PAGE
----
Drew Lock Puts NFL on Notice: Broncos' Deep, Vertical Passing Attack Here to Stay
The Denver Broncos rolled into Gillette Stadium and immediately put Bill Belichick's defense on its heels by connecting deep on a 41-yard Drew Lock-to-Tim Patrick strike on the second play from scrimmage. That shot set the tone for what would be a very aggressive offensive game-plan for Denver, even though it didn't result in touchdowns.
It did, however, allow the Broncos to control the entire game, leading to six scoring drives, all of which were field goals by kicker Brandon McManus. Through the first three quarters of play, Lock was not only aggressive, he was accurate.
Lock was dropping absolute dimes out there and despite his lackluster (upon first glance) box score stats from Week 6, he played very well and had at least three sure-fire touchdowns dropped by his receivers. And guess what? That aggressive philosophy being cultivated by Lock and offensive coordinator Pat Shurmur, which Broncos fans, and opponents, haven't really been able to see due to Lock's shoulder injury that caused him to miss 10 quarters of play, is here to stay.
At least, that appears to have been the message Lock had coming out of the Broncos' massive 18-12 upset win over the Patriots.
“We just felt like we could take those [deep shots]," Lock said post-game. "That’s the thing with our offense. That’s the reason we drafted the guys that we did. That’s the reason we kept the guys that we did, we feel like we can throw these shots, we feel like we can take these deep shots. Teams are going to have to be wary about that."
Lock seems to be putting the NFL on notice as if to say, 'We're going to test you deep and take our vertical shots. And if you play us soft upfront and roll with a two-deep safety shell, we'll pound the rock with Phillip Lindsay and Melvin Gordon.'
I like that mentality.
"I think it’s going to take two really, really good DBs on each side with good safety help to try to stop these guys from running by them," Lock said. "We’re that confident in our athletes that we have here in Denver. I’m excited to keep progressing in the offense, keep learning and keep figuring this thing out.”
Although Lock finished Week 6 with a stat-line of 10-of-24 passing for 189 yards and two interceptions, anyone who watched that game with an objective eye could see that a.) his receivers left points on the board and b.) he graded out better than what the box score revealed.
That's how the league's leading advanced analytics site viewed Lock's performance. Here's what Pro Football Focus had to say about Lock's Week 6 game.
It wasn’t all good for Lock, but a stat line of 10-for-24 for 189 yards, no touchdowns, two interceptions and a passer rating of 34.9 does not tell the true story. Lock hit on a career-high five big-time throws, three of which fell incomplete. As we do every week, let's look at the stat line as though those three catchable passes were completed — it changes Lock’s stats to 13-for-24 for 258 yards, two touchdowns, two interceptions and a passer rating of 85.1 (a 50.2-point jump).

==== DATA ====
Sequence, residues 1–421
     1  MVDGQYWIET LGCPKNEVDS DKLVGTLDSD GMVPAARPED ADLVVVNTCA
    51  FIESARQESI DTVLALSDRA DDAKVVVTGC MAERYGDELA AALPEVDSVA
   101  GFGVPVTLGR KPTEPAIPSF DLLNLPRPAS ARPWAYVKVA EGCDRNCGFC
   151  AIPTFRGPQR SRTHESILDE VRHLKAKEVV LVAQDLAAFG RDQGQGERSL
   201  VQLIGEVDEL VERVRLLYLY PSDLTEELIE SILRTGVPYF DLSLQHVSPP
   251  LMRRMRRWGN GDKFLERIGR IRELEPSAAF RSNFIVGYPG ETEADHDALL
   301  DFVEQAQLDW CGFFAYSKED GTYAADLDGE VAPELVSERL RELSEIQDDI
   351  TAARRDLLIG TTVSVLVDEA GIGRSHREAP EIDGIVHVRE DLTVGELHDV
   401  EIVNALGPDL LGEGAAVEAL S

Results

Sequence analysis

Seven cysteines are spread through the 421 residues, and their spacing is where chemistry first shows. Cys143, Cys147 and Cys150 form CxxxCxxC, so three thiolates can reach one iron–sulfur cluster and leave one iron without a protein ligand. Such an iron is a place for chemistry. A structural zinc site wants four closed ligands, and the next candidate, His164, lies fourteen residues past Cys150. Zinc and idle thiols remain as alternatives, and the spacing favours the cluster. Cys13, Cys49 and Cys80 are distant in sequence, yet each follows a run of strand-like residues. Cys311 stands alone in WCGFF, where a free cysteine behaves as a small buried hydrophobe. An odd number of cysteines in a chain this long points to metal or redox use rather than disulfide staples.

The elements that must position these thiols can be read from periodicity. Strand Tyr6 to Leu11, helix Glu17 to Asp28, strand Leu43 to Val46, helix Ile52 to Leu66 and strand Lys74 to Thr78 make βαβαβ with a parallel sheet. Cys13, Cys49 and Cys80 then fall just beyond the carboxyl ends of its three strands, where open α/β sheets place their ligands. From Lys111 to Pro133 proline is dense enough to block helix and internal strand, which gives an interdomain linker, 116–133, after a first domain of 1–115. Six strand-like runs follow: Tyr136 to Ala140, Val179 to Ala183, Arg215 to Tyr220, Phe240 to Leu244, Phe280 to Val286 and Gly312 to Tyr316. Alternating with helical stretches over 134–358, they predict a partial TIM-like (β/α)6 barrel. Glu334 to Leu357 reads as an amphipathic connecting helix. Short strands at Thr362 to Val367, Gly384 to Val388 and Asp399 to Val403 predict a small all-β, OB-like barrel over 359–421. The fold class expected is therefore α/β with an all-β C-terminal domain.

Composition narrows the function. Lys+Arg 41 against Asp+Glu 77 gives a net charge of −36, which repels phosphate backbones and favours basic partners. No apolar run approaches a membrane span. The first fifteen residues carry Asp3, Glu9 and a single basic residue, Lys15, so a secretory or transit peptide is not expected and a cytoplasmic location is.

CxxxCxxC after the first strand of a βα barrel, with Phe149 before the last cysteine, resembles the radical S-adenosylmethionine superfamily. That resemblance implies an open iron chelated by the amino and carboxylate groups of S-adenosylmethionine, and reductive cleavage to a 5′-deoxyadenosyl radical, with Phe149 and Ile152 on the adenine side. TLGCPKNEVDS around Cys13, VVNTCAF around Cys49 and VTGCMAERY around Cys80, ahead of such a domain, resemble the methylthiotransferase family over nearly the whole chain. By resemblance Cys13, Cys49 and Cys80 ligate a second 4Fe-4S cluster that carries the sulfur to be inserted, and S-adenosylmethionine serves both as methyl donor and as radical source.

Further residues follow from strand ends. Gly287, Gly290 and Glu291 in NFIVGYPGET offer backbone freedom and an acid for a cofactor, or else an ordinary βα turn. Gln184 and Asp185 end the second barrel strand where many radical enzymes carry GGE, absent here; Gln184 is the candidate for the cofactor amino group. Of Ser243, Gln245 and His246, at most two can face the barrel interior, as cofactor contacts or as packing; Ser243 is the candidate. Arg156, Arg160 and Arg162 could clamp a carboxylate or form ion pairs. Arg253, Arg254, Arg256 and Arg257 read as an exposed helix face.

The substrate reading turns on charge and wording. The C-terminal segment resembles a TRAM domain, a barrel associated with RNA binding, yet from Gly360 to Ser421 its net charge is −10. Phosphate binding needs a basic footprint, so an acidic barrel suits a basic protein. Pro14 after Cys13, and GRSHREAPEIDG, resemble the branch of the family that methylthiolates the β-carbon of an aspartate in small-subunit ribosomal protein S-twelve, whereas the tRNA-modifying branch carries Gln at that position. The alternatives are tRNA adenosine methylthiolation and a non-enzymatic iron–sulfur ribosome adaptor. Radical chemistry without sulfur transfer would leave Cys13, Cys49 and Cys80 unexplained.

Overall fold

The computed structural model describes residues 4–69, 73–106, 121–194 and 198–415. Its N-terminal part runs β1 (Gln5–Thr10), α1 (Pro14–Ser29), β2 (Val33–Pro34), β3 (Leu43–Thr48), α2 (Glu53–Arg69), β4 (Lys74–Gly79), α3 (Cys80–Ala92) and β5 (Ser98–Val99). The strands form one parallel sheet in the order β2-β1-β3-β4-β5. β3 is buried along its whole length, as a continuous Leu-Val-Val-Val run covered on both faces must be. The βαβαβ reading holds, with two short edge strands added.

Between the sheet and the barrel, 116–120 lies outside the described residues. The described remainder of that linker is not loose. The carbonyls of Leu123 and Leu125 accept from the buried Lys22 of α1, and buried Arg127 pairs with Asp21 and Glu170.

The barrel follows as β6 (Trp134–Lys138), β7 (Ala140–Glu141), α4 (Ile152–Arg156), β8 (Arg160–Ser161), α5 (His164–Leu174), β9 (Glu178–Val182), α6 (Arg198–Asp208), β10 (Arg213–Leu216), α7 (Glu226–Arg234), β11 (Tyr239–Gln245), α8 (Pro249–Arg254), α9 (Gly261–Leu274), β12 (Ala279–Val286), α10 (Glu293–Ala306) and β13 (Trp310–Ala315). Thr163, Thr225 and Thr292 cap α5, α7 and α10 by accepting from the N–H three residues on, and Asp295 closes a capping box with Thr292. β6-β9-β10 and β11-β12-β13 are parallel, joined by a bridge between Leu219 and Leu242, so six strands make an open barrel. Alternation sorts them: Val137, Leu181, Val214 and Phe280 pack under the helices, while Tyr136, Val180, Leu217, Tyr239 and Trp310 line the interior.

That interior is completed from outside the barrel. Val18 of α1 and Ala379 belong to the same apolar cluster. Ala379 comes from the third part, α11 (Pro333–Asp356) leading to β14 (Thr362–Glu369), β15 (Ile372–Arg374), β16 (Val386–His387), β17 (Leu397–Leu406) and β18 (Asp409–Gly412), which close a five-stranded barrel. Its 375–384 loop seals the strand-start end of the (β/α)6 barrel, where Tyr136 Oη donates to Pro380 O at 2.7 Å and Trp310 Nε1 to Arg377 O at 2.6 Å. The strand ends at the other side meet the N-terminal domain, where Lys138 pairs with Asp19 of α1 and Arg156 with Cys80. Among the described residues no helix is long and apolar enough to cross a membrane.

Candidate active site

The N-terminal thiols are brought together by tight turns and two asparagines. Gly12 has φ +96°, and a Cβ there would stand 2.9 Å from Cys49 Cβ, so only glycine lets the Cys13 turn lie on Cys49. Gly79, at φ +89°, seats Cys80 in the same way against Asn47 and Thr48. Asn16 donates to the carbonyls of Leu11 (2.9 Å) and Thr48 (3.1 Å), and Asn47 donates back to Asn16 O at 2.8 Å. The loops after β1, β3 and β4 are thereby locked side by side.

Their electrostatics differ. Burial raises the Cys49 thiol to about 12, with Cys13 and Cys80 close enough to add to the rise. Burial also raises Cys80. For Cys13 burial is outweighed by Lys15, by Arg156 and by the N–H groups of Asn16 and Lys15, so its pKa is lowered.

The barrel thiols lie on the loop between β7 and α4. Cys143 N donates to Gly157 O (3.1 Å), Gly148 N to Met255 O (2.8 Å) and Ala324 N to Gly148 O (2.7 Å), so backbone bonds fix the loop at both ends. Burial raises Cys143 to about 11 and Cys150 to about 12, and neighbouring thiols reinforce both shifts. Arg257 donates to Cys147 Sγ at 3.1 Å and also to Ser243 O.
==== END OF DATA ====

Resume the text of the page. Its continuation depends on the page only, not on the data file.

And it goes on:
Woulda, shoulda, coulda, right? I get it. But those drops weren't on Lock. Those passes, again, were absolute dimes. Lock connected on seven passes of 15-plus-yards and as the PFF metric shows, if three of those dropped dimes were caught, it would have been 10 such passes completed for an additional 70 yards and three touchdowns.
What should be encouraging to Broncos Country is that the team still found a way to control the game, overcome a couple of ill-advised interceptions on Lock's part in the fourth quarter, and 'win ugly'. To win ugly against the Jets in Week 4 is one thing. To do it on the road against a quality opponent like New England vs. arguably the greatest defensive coach of the modern era is quite another.
The Broncos are slowly but surely forging an identity, which is possible now that this team has its dynamic quarterback in the fold once again. The Broncos have a tough opponent this week in the Kansas City Chiefs at Empower Field at Mile High but all Lock and company can do is come out swinging with that same fire and energy they had in Week 6.
At 2-3, the Broncos have dug themselves out of their initial hole and have climbed back into AFC relevancy. It's too soon to start making January plans, obviously, but the Broncos believe they can beat anyone.
“I feel like the media might feel like there is a return to relevance, or people that aren’t in our building might think that, but we knew that we could be a really good team," Lock said. "We knew we could be a really good team; we just have to keep putting these pieces together and keep rolling. We are playing a really, really good team next week. It’s going to be a really good test for us to see who we are and see if we’re mentally and physically tough enough to come in there and try to get a win. I truly feel like we’re an extremely good team, we just have to put both sides of the ball together, all three actually; special teams, offense and defense.”
The Broncos played a complementary brand of football in Week 6. That's what good teams do. When the offense struggles or hits a bump in the road, the defense has to be able to step up and bridge the gap. Meanwhile, when the special teams are called upon to do their part, they have to be reliable and consistent, just like the Broncos were in Week 6.
That's a formula for success — a blueprint — this team can build upon.